Already £2.021 million grant funding has been secured from Government for an early measures programme focussing on the A4600 corridor running between the city centre and M6 Junction 2.

The package of measures includes:

  • improvement of the Walsgrave Road / Clay Lane / Brays Lane junction at Ball Hill;
  • the introduction of new technology to improve traffic management along the corridor through integration traffic signals, air quality monitoring and to get information out to drivers
  • a scheme to encourage local taxi drivers to try out locally manufactured electric taxis on a trial basis with the aim of ultimately replacing diesel powered vehicles with cleaner vehicles.
  • engagement with local schools, businesses and communities to promote active and sustainable travel for local journeys, taking car trips off the road.

The programme will be delivered during 2018 and 2019, and there will be consultation with the local community on the proposals for the Ball Hill junction, which aim to help reduce congestion and therefore the levels of harmful pollution emitted by stationery and queuing vehicles.

This package will complement the progressive upgrading of the city's bus fleet, with £1.5 million in grant funding having been secured to retrofit cleaner engines on around 100 buses operating within the city during 2018/19. The Council has also worked with National Express and Transport for the West Midlands to submit a funding bid seeking £2.3 million for the purchase of ten new electric buses that would operate within the city. The outcome of the bid should be known by the end of 2018.

A further £2 million in grant funding has also been secured that will enable the electric vehicle charging network within the city to be significantly extended, with the installation of 39 charging points, aimed at electric taxis, commencing in the next two months within the city centre, to be followed by the installation of around 100 further charging points within residential areas across the city. 

ESB EV Solutions Rapid Electric Vehicle Charging Point Network

The first six of a city-wide network of  39 rapid electric vehicle charging points have been installed by ESB EV Solutions in association with Coventry City Council and are now available for customers to use.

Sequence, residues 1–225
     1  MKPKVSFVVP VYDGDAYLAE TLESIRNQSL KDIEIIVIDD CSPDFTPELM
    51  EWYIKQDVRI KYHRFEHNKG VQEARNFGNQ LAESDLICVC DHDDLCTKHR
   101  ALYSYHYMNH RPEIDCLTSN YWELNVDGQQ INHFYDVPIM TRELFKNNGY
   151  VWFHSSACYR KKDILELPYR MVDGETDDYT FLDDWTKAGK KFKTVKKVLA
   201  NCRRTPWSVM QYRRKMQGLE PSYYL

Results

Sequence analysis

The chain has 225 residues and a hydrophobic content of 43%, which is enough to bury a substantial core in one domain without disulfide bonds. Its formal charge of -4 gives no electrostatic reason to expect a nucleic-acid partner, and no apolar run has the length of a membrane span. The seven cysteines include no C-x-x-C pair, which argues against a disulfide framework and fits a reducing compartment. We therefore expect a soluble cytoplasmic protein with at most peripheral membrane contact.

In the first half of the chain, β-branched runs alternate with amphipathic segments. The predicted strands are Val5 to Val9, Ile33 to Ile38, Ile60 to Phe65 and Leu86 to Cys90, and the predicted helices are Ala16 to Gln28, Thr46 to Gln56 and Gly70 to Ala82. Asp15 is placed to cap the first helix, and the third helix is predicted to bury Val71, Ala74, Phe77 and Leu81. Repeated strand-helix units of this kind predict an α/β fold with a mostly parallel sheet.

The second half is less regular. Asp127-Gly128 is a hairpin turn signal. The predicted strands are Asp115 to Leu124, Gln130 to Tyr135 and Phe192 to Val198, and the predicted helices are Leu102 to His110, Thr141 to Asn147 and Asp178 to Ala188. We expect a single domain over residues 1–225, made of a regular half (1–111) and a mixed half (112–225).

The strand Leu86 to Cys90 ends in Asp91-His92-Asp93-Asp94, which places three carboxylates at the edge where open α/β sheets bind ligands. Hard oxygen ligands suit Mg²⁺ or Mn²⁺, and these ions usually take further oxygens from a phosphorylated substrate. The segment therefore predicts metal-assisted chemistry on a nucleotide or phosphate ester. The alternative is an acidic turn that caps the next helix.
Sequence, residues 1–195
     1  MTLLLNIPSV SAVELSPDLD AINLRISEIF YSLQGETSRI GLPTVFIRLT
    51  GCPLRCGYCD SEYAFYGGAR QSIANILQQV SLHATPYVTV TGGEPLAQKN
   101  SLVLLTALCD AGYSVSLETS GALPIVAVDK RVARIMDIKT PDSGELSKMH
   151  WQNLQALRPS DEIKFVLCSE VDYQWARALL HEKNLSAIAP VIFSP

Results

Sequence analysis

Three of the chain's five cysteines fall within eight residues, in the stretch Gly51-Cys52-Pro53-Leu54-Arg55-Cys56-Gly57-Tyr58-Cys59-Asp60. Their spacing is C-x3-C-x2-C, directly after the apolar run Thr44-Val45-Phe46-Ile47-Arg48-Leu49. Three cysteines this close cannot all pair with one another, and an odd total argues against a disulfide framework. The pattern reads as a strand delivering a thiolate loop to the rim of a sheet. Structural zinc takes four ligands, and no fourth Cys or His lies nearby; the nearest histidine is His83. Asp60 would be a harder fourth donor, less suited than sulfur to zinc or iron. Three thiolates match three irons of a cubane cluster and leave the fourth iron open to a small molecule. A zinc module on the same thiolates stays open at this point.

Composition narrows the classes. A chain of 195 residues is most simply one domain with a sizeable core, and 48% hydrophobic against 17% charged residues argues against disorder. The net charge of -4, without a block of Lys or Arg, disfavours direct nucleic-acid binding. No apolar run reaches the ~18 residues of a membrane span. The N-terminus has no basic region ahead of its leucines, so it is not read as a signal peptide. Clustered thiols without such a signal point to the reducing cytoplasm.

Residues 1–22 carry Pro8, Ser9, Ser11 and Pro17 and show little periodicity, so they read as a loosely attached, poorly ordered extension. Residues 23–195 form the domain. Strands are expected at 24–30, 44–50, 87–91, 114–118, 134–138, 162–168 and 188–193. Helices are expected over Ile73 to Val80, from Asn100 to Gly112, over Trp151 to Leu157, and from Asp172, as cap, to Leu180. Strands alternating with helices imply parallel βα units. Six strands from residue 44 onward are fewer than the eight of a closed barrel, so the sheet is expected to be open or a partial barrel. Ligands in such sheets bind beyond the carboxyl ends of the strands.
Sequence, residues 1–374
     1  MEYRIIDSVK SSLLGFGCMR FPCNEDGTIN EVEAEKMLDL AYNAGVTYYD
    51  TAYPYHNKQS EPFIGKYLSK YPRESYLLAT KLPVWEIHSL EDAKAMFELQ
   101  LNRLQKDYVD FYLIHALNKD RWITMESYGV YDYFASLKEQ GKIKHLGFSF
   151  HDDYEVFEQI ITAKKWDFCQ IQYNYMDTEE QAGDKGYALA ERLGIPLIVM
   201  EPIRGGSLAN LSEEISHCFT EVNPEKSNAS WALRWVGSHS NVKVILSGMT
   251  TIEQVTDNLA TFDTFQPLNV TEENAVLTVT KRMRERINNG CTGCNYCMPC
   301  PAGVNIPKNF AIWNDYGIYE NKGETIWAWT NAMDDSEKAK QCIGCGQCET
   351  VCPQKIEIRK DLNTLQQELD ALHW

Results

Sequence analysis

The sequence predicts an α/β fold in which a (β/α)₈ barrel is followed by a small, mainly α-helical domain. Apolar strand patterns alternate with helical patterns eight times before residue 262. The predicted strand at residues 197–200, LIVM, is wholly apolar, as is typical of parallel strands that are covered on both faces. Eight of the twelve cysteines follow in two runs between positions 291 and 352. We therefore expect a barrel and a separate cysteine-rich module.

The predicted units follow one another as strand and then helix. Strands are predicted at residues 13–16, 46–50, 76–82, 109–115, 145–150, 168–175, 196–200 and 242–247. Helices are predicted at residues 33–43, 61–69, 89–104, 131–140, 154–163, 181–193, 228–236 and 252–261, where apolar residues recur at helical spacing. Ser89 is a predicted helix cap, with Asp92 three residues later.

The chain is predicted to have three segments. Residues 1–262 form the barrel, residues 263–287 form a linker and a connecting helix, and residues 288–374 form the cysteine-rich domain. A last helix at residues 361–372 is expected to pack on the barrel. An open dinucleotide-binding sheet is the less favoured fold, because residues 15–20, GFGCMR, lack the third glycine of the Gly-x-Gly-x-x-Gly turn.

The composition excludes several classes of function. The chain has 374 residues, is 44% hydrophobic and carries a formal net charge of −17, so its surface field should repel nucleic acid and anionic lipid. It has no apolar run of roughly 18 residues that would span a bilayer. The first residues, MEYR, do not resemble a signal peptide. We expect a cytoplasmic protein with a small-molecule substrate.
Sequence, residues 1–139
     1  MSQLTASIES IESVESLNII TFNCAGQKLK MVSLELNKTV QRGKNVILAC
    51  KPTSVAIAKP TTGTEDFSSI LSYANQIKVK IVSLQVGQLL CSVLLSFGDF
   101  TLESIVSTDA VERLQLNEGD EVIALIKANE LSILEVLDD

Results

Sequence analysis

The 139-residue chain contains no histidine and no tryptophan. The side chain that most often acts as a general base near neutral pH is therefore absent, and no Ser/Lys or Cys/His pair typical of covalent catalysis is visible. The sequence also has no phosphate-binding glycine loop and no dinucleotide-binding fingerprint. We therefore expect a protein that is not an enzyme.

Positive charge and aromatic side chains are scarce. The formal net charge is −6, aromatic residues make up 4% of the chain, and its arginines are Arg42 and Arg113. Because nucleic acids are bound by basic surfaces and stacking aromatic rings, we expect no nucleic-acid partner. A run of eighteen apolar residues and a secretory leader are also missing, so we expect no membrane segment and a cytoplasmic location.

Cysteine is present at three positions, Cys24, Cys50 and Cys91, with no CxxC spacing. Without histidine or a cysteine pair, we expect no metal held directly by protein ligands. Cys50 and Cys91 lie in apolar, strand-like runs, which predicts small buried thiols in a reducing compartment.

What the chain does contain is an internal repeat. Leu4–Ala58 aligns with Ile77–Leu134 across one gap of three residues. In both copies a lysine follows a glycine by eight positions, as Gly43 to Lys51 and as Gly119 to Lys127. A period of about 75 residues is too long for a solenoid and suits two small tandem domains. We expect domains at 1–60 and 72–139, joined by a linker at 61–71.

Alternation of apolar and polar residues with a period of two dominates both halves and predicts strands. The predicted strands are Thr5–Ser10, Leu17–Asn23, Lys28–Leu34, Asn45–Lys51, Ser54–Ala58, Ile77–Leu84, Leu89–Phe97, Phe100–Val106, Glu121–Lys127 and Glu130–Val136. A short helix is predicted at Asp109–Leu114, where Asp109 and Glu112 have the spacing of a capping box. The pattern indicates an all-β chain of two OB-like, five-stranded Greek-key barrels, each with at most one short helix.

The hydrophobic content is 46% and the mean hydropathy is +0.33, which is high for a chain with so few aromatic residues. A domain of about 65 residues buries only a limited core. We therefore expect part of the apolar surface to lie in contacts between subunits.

The locations are:

  • Manor Road  - 1 Rapid (50kW) Charging Point
  • Croft Road - 1  Rapid (50kW) Charging Point
  • Queen Victoria Road - 2 (50kW) Rapid Charging Points
  • Greyfriars Road - 2 ( 50kW) Rapid Charging Points.

Access and use is available via ESB's 'EV Plug In' mobile app and/ or with an ESB EV Solutions charge point access card.

ESB offers both Pay As You Go and Subscription packages.

ESB EV Solutions pricing

For Coventry taxis

Join free for 12 months; first 60 customers receive £100 free electric charging credit, 25p per kWh incl VAT


29p per kWh


25p per kWh/£4 per month

Find your nearest ESB EV Solutions charging point.

For more information and to sign up visit: and/or download our EV Plug In app.

ES3 Logo Get it on the Google Play and App Store

To complement this further, confirmation from Government has been received on the extension of the Plug-in Car Grant scheme, with an increased emphasis upon zero emission vehicles, light vans and electric cargo bikes. This is available for both private individuals and businesses.  For the last 7 years, the Plug-in Car Grant (PICG) has provided a discount to the price of over 160,000 new ultra-low emission vehicles. This is part of the governments Road to Zero Strategy. Go to your nearest dealer to make enquiries about this grant.

Finally, the City has collaborated over the last year with Warwickshire County Council on a joint Public Health active travel campaign "Choose How you Move": plan your journey more actively today.

Air quality and transport


Tel: 08085 834333

If you do need to call us,
please try to avoid our busiest times
of lunchtime and early afternoon.

Is there anything wrong with this page?